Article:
Omega-9 fatty acid is a monounsaturated fat that is also known as oleic acid. It is not considered an essential fatty acid because of our body's ability to produce it in small amounts. However, this can only happen if the essential fatty acids (EFAs) omega-3 and omega-6 are present – if the body is low on one of these EFAs it cannot produce enough omega-9. In this instance, omega-9 transforms into an essential fatty acid because of the body’s inability to produce it. While omega-9 is crucial to the body, it plays a much smaller role than the essential fatty acids omega-3 and omega-6. Primarily, omega-9 has a positive health affect on the lowering of cholesterol levels and promotes healthy inflammation responses within the body. Other major health benefits of omega-9 include the reduction of the arteries, reduction of insulin resistance, improvement of immune function, and provides protection against certain types of cancer.

Omega 9 is mainly used when there is an insufficiency of either omega 3, omega 6 or both. When the body doesn't have enough omega 3 or omega 6, it tries to compensate by producing omega 9 fatty acids to take their place.

Some n−9s are common components of animal fat and vegetable oil. Two n−9 fatty acids important in industry are:

arw Oleic acid which is a main component of olive oil and other monounsaturated fats.

arw Erucic acid which is found in rapeseed, wallflower seed, and mustard seed. Rapeseed with high erucic acid content is grown for commercial use in paintings and coatings as a drying oil. Rapeseed oil, with some of the acid removed, is commonly known as canola oil.

What is Omega 9?
Omega-9 fatty acids are a class of unsaturated fatty acids which have a C=C double bond in the omega-9 position. Some omega-9's are common components of animal fat and vegetable oil. There are two omega-9 fatty acids that are considered important. They are Oleic acid and Erucic acid. Omega-9 acts to regulate the immune system. It makes cells healthier and reduces cellular and tissue inflammation, heat, redness, swelling, and pain. Lubricates joints so that even in bone-on-bone situations, pain is reduced and healing promoted.

Each EFA (3, 6, 9) share a symbiotic bond that requires each other to operate to their fullest potential and to provide the body with most positive health effects as possible. A lack of omega-9 in the body can have a detrimental effect that the benefits the other omega fatty acids provide.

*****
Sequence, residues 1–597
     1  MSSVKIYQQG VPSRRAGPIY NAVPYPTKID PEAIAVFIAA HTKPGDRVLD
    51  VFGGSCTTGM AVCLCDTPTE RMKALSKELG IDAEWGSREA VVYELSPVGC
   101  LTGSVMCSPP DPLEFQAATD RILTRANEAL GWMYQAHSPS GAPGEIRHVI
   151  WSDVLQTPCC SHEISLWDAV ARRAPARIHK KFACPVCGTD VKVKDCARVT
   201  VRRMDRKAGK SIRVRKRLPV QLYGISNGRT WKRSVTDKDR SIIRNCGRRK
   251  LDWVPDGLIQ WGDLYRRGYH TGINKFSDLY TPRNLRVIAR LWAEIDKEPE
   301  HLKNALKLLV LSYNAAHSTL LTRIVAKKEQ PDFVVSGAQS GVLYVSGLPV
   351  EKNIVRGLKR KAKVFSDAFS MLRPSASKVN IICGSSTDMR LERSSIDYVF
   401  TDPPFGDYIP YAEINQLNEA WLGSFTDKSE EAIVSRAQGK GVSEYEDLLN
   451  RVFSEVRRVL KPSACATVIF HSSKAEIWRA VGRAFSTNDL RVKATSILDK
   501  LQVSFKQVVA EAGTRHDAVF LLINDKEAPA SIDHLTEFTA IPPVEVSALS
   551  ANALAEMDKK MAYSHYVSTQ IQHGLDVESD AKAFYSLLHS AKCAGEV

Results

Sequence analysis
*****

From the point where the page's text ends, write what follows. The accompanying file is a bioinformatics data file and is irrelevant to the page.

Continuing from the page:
Signs of omega-9 deficiency can include:

arw Eczema-like skin eruptions

arw Bumps on the back of upper arms

arw Cracking/peeling fingertips

arw Dandruff

arw Hair loss

arw Behavioral changes

arw Dry glands

arw Male sterility

arw Growth retardation

arw Dry skin

arw Dry Eyes

arw Miscarriage

arw Irregular heart beat

arw Craving of fatty foods

arw Stiff or painful joints
Where is it Found?
Omega 9 is present in all animals and plants; excellent sources include olive, canola, peanut, safflower, and sunflower oils. Other great sources are avocados, peanut butter, nuts and seeds. Following have been found to be excellent sources of providing Omega-9:

arw Olive oil - the best source of omega 9

arw Olives

arw Avocados

arw Almonds

arw Peanuts

arw Sesame oil

arw Pecans
  Pistachio nuts
arw Cashews
arw Hazelnuts
arw Macadamia nuts
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Essential Fatty Acids
Benefits / Uses

arw Lowers cholesterol levels, thereby reduces the risk of cardiovascular disease

arw Reduces atherosclerosis (hardening of the arteries)

arw Reduces insulin resistance, thereby improves glucose (blood sugar) maintenance

arw Improves immune function

arw Provides protection against certain types of cancer

Initial dose: Two capsules 2 times per day for 15 days. Maintenance dose: 1-3 capsules per day as needed. For best results, avoid caffeine and alcohol during loading dose, and insure that water intake meets or exceeds 64 oz. per day.

It should be known though that consuming omega-9 gradually throughout the day (much like time-released supplements) is much more beneficial to the body than consuming the entire daily amount through a single dosage.

Possible Side-Effects / Precautions / Possible Interactions
As omega 9 is typically used in ratio with omega 3 and omega 6, be cautious if using anticoagulants or antiplatelet drugs due to the increased risk of bleeding. As with all drugs and supplements, consult a health care professional before use. Omega 9 has no reported side-effects but as it is used with omega 3 and omega 6, watch triglyceride levels.

While omega-3 and omega-6 have some (rare) reported side effects, omega-9 has none. However, be cautious if you are using anticoagulants or antiplatelet drugs due to an increased risk of bleeding.

Research Studies / References

arw Lipomics. "Mead acid". Retrieved February 14, 2006.

arw Phinney, SD, RS Odin, SB Johnson and RT Holman (1990). "Reduced arachidonate in serum phospholipids and cholesteryl esters associated with vegetarian diets in humans". Retrieved February 11, 2006.